Learn how plants respond to higher atmospheric CO2 concentrations

How does rising atmospheric CO2 affect marine organisms?

Click to locate material archived on our website by topic

Negative Shortwave Cloud Feedback in Middle to High Latitudes

Paper Reviewed
Ceppi, P., Hartmann, D.L. and Webb, M.J. 2016. Mechanisms of the Negative Shortwave Cloud Feedback in Middle to High Latitudes. Journal of Climate 29: 139-157.

Noting that despite continuing model improvement efforts, "cloud feedback remains the largest source of uncertainty in climate sensitivity estimates" -- citing Soden et al. (2008), Boucher et al. (2013) and Vial et al. (2013) -- Ceppi et al. (2016) write that "accurately portraying the cloud response to warming constitutes a major challenge in the development of future generations of climate models." And in taking up this challenge, the three researchers investigated "the processes involved in the liquid water path (LWP) response by perturbing temperature in the cloud microphysics schemes of two climate models in aqua-planet configuration, GFDL AM2.1 and CESM-CAM5, each of which models have separate prognostic equations for liquid water and ice." And what did they thereby learn?

Ceppi et al. report that "although models and observations all agree on LWP increasing with warming in mixed-phase cloud regions, that (1) "most models appear to overestimate the LWP sensitivity to temperature compared with satellite observations," that (2) the "models overestimate the efficiency of ice-phase microphysical processes" and that they (3) "do not maintain enough super-cooled liquid in the historical climate." Thus, they conclude that (4,5) "additional work will therefore be necessary to confirm the relevance of cloud microphysics to the forced LWP response and the associated shortwave cloud feedback in the real world," while further noting that (6) "most models appear to overestimate the importance of microphysical processes in the LWP response to warming."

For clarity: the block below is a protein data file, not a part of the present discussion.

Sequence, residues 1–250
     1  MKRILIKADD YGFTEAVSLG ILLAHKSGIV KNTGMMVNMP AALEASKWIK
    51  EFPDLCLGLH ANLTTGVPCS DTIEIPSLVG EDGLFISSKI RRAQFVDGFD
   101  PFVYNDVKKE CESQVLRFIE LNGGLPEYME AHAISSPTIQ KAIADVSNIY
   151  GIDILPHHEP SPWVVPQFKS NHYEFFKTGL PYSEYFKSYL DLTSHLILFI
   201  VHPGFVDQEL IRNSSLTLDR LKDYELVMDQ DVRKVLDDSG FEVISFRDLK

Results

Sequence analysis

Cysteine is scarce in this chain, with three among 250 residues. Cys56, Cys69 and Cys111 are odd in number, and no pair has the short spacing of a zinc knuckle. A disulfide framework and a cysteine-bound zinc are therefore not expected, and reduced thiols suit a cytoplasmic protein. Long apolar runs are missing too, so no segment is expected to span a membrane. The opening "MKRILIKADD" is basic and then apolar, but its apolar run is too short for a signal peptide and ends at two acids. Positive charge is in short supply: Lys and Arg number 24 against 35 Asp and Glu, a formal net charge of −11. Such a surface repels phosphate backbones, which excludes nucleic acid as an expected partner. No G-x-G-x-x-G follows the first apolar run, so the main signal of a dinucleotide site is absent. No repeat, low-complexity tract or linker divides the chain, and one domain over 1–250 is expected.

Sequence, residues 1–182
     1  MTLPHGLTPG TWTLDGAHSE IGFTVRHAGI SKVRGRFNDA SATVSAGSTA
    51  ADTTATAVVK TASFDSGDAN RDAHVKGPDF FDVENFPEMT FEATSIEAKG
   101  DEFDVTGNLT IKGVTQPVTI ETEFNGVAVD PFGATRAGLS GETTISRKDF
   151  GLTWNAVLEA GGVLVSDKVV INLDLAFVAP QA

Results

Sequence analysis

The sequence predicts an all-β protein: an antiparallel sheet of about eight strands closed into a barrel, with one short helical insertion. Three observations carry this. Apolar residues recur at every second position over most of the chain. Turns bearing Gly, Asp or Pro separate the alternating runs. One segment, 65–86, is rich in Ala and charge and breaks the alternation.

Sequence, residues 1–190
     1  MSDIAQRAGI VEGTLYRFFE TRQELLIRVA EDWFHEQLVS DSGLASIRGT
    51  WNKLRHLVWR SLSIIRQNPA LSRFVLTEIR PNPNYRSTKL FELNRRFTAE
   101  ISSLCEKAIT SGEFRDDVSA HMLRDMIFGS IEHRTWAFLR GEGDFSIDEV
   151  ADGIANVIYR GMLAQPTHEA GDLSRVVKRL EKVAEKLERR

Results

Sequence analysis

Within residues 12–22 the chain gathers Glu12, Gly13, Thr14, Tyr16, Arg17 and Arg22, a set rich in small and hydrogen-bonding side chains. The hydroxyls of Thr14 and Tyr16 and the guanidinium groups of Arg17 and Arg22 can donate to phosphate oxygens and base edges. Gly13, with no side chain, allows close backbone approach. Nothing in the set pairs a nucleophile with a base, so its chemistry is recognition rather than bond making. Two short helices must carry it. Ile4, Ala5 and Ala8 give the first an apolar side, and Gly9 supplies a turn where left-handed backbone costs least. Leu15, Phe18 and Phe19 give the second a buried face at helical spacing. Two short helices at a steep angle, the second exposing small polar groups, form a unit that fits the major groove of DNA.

Last of all, Ceppi et al. write that (7,8) "an improved representation of ice-phase microphysical processes appears to be crucial to reduce the large model errors in both the present-day climatology and future response of condensed cloud water," citing Choi et al. (2014) and Komurcu et al. (2014)." We wish them and others the best of results in their efforts to achieve these worthy goals.

Boucher, O. and Coauthors. 2013. Clouds and aerosols. Climate Change 2013: The Physical Science Basis. T.R. Stocker et al., Eds. Cambridge University Press, 571-657.

Choi, Y.-S., Ho, C.-H., Park, C.-E., Storelvmo, T. and Tan, I. 2014. Influence of cloud phase composition on climate feedbacks. Journal of Geophysical Research: Atmospheres 119: 3687-3700.

Komurcu, M. and Coauthors. 2014. Intercomparison of the cloud water phase among global climate models. Journal of Geophysical Research: Atmospheres 119: 3372-3400.

Soden, B.J., Held, I.M., Colman, R., Shell, K.M., Kiehl, J.T. and Shields, C.A. 2008. Quantifying climate feedbacks using radiative kernels. Journal of Climate 21: 3504-3520.

Vial, J., Dufresne, J.-L. and Bony, S. 2013. On the interpretation of inter-model spread in CMIP5 climate sensitivity estimates. Climate Dynamics 41: 3339-3362.

Posted 4 May 2016